It means taking the lead in generating more open and honest debate. It means making clear that government, like life, is difficult and complex. It means taking people into your confidence about difficult choices and judgements. It means under-promising and over-delivering. It means being patient. It means setting strategies and sticking to them, whatever events may throw your way. It means rooting your message and strategy in reality and trusting people, over time, to get to the substance, to hear you through the noise.

This is the most difficult paradox of modern government. Every big decision, and often every trivial development, is analysed endlessly through the short-term prism of tomorrow’s newspapers or tonight’s TV studio discussion.

But the papers and the discussions come and go, while the impact of the big decisions will linger. So your strategy, together with your ability to develop and deliver it against this noisy background, is what really matters.

What are you really about? What are you really trying to say – as a whole and in each area of policy? These are the key questions, and the answers drive your communications. In government, it is hard because so many things can come along unexpectedly and knock you sideways. But get the message strategy right and you’re in good shape when the crises come. The same approach applies to any major organization.

Politics needs to market itself better. It means making the basic case that nothing really important will change for the better without it. It means challenging the media’s cynicism more effectively. It means making the link better between politics as it is practised and the political issues that young people care about, so that we address the fear of a generation growing up thinking that it is cool not to vote.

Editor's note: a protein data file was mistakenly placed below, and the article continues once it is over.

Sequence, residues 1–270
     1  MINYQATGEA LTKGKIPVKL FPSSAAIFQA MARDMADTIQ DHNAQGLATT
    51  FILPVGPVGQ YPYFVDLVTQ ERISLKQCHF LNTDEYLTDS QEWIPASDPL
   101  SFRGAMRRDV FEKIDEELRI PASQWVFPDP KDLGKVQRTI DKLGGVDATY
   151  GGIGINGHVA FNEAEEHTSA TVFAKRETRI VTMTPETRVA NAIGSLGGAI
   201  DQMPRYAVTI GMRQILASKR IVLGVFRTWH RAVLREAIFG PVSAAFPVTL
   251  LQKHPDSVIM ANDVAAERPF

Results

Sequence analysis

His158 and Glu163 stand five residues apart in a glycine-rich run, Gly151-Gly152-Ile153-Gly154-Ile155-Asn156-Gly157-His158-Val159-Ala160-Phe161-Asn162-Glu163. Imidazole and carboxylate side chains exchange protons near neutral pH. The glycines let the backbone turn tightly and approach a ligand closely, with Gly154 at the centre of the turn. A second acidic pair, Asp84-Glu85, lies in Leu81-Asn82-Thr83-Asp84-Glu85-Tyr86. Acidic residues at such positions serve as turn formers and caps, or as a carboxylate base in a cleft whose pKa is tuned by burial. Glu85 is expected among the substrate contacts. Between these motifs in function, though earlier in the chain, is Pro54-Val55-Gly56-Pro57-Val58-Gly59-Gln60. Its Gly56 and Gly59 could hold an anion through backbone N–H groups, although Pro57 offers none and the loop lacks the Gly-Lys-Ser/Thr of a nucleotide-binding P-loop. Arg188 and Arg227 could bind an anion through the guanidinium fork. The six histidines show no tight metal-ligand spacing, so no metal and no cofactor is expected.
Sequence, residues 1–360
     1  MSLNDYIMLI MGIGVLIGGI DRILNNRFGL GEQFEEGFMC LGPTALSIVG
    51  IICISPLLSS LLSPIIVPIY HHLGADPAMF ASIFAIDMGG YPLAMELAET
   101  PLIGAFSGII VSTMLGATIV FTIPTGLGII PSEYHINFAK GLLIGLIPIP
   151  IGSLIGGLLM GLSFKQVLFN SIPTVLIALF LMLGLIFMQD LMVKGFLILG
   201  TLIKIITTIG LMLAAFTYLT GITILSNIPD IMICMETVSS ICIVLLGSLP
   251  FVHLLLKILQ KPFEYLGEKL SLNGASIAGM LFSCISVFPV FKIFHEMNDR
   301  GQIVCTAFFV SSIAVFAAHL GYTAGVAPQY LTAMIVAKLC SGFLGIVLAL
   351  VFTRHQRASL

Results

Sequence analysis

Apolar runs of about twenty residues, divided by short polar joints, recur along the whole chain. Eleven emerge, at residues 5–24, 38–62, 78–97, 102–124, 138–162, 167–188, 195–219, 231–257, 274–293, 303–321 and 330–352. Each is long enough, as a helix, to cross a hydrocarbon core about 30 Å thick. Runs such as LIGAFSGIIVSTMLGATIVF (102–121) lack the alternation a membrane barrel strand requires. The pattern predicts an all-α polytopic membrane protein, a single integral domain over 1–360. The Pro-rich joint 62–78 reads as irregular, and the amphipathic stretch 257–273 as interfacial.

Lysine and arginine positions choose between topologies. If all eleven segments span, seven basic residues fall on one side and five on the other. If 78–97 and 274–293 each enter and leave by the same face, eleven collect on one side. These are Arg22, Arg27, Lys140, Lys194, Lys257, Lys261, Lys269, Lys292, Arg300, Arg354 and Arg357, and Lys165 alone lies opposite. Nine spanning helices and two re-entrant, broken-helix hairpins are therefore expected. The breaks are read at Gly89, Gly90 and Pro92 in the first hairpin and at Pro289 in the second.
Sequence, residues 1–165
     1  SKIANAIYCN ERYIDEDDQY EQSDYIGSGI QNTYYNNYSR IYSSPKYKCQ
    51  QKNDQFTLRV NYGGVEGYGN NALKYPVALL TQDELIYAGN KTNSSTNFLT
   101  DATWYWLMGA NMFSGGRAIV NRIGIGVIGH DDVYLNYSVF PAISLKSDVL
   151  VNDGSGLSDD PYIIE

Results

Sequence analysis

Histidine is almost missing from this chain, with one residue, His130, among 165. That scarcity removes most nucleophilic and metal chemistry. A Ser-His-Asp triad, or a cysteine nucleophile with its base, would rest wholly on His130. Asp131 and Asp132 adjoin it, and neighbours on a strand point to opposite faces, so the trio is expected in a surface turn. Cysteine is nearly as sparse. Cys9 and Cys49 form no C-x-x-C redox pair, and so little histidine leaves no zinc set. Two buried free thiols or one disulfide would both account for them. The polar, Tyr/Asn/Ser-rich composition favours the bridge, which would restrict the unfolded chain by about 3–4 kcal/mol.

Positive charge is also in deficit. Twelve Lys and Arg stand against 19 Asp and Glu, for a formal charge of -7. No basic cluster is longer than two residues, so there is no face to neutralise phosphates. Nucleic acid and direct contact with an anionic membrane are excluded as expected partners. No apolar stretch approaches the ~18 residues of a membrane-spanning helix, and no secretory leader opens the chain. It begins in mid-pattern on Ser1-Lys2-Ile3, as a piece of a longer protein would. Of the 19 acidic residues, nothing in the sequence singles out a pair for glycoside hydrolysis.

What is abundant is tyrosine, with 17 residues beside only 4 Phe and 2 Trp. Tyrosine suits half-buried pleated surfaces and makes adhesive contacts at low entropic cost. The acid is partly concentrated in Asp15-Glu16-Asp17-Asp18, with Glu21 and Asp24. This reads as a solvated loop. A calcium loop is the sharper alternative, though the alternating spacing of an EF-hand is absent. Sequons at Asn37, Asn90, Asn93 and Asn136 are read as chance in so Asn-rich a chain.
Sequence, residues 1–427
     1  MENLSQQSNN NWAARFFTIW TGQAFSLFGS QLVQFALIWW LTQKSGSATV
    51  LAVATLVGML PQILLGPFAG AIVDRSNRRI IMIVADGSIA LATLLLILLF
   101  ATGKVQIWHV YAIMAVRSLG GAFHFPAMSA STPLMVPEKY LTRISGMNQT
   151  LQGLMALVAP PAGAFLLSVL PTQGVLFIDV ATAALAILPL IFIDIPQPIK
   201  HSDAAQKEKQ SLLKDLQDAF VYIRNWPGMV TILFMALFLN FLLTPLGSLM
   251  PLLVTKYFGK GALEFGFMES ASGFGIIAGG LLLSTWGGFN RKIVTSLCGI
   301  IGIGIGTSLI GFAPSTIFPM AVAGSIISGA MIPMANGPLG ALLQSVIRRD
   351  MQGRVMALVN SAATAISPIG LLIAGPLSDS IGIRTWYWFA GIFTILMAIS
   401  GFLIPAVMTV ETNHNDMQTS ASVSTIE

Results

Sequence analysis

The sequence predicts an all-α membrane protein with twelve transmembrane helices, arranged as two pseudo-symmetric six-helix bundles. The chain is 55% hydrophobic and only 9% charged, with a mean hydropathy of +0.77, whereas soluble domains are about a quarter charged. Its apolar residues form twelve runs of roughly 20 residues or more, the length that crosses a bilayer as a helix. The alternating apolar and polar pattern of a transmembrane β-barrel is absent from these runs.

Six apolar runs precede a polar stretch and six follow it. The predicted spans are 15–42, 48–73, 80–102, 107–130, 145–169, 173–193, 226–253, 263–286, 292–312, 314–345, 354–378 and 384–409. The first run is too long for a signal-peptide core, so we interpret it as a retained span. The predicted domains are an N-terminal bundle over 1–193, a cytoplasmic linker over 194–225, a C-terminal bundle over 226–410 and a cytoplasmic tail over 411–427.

Having been on both sides of the fence, I will make the case for politics and politicians. I have seen the good that politics can do, not just in winning, but in the things that a New Labour government has used its victories for: economic and social policies that have led to more people in work; schools and hospitals improving; fewer people in poverty; society strengthening; a radical agenda for constitutional modernization; the prospect of lasting peace in Northern Ireland; as well as an engaged foreign and aid policy.

But politics needs to stand up for itself. Modern politics cannot stand aside from discussions about the media and marketing. It must be at the heart of them, leading them, understanding their importance – not just for our future economic health, but for our future democratic health too.

Alastair Campbell
Alastair Campbell spent more than 10 years as a reporter, political correspondent, political editor and columnist with various daily and weekly newspapers in the UK before being appointed press secretary to Tony Blair, then leader of the opposition, in 1994. After the general election in 1997, he became chief press secretary to the prime minister and the prime minister’s official spokesman. From 2001 to 2003 he was director of communications and strategy in the prime minister’s office.